Jan 07, 2016 • 4 min read
A few years ago while I was teaching a karate class at my gym, a mother and her son arrived for the youngster’s first private karate lesson. As they sat down to wait for the lesson to begin, I noticed the boy was sitting on his mom’s lap—he was 12 years old. An hour later, another 12-year-old arrived for his baseball lesson. His father informed me that they had just come from the 12-year-olds strength & conditioning coach at another gym and then off to football practice after the baseball lesson.
The truth is, training a 12-year-old as if he’s a 22-year-old doesn’t work. Over-training puts young athletes at risk for fatigued muscles, injury, and mental burnout. In his book Any Given Monday, orthopedic surgeon Dr James Andrews says “over-use injuries are at epidemic levels and every year more than 3.5 million children will require medical treatment for sports-related injuries, the majority of which are avoidable through proper training and awareness.” Yet (with dreams of making it to the pros), we see kids being over-trained in youth sports all the time. Or, we often see the opposite; treating a 12-year-old as if he’s still six. Neither situation represents good balance in training.
All sports require that certain skills be developed in order to continue on to higher levels. That’s a fact. Talent is nice, but a kid’s interest level will play a significant role in that development. Parents must remember that just because their child is good at something, it doesn’t mean they want to do it at the level the parent has in mind. Once a kid has found their passion, however, some real progress can be made because they will be the one who wants it―they will be willing and able to sustain the effort required for more serious training, and will come to enjoy the process.
Training young athletes has much to do with teaching kids to have a routine. Learning proper technique and how to consistently apply the movements with precision and rhythm is crucial, as this will lead to sustainable performance skills. A young athletes’ training regimen should include techniques and exercises that are appropriate for their age, ability, and fitness level, and should be progressive in nature to avoid over-training and burnout. Emphasizing stability and physical balance in the early stages of training will enable the nervous system and muscles to adapt over time, allowing motor learning to take place. Once the neuromuscular system has adapted and the exercises or techniques become effortless, it’s time for more advanced training―but not before. Knowledge about how skill is developed, and about how interest is sustained, is the key to keeping the fun in it while training young athletes.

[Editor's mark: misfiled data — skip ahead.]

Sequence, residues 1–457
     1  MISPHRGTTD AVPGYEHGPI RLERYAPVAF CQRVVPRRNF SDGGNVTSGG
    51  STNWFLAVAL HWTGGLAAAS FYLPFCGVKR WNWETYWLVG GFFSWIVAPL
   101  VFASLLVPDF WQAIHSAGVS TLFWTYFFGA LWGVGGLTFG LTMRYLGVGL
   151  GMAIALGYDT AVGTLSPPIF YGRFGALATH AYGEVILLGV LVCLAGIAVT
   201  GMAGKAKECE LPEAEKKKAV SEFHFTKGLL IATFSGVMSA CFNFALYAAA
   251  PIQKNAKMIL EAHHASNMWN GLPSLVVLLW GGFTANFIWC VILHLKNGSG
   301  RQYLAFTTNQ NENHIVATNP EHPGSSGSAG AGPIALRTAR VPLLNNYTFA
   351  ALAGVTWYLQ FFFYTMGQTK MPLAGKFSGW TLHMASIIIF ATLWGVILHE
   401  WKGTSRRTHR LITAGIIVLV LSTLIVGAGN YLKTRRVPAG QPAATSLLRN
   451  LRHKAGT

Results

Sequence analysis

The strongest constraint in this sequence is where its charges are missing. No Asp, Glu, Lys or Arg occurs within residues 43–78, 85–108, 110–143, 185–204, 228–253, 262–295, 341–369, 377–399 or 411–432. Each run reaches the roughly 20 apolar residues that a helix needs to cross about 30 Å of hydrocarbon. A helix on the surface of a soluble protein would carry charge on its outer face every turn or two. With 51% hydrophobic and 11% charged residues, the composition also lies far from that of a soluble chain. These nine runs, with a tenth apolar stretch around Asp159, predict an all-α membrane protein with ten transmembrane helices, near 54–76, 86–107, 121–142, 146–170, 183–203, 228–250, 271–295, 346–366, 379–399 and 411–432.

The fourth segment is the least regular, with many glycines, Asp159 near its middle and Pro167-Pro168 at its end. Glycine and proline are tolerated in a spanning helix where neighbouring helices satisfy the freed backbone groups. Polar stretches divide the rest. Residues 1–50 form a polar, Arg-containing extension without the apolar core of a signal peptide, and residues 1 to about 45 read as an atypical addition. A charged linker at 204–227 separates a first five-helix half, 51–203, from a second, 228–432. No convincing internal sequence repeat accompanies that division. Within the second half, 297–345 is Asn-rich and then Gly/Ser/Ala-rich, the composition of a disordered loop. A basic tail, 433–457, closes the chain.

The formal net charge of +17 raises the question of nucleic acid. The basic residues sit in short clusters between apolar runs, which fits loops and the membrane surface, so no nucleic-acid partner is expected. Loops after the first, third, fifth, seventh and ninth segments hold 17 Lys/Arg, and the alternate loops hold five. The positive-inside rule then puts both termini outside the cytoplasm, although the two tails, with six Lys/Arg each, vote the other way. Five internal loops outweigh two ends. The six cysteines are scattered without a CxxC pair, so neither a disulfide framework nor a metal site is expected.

Lots of us get ahead of ourselves. It’s easy to do because we often focus on the goal and not the journey to get there. In today’s society, we want things quickly and because of this we trip ourselves up as we speed past the basics, never really mastering them. We continue to struggle because there’s no foundation to build on. Developing skill will happen one step at a time, over a period of time.
How much time? That depends on a person’s interest level, natural ability, and an understanding of appropriate training levels every step of the way. In order to prevent over-training and burnout in young athletes, it’s important to remember that there are fundamental physiologic differences between children and adults. Kids are very capable of training hard and learning advanced techniques, but without a realistic, balanced approach, loss of interest, injury and eventually quitting will be the likely result. When winning becomes the top priority, it’s easy to forget an athlete’s young age and, as a result, lose perspective.
The fact remains that a kid’s top priority is—having fun!
Chuck Schumacher is the author of “How to Play Baseball: A Parents Role in Their Child’s Journey,” available at www.chuckschumacher.com (signed copy) or Amazon. Chuck has 20 years experience as a youth baseball coach and 40 years experience in martial arts. In 2006, he opened Chuck’s Gym in Franklin, Tenn., where he teaches baseball and Okinawan karate. You can contact Chuck at firstname.lastname@example.org.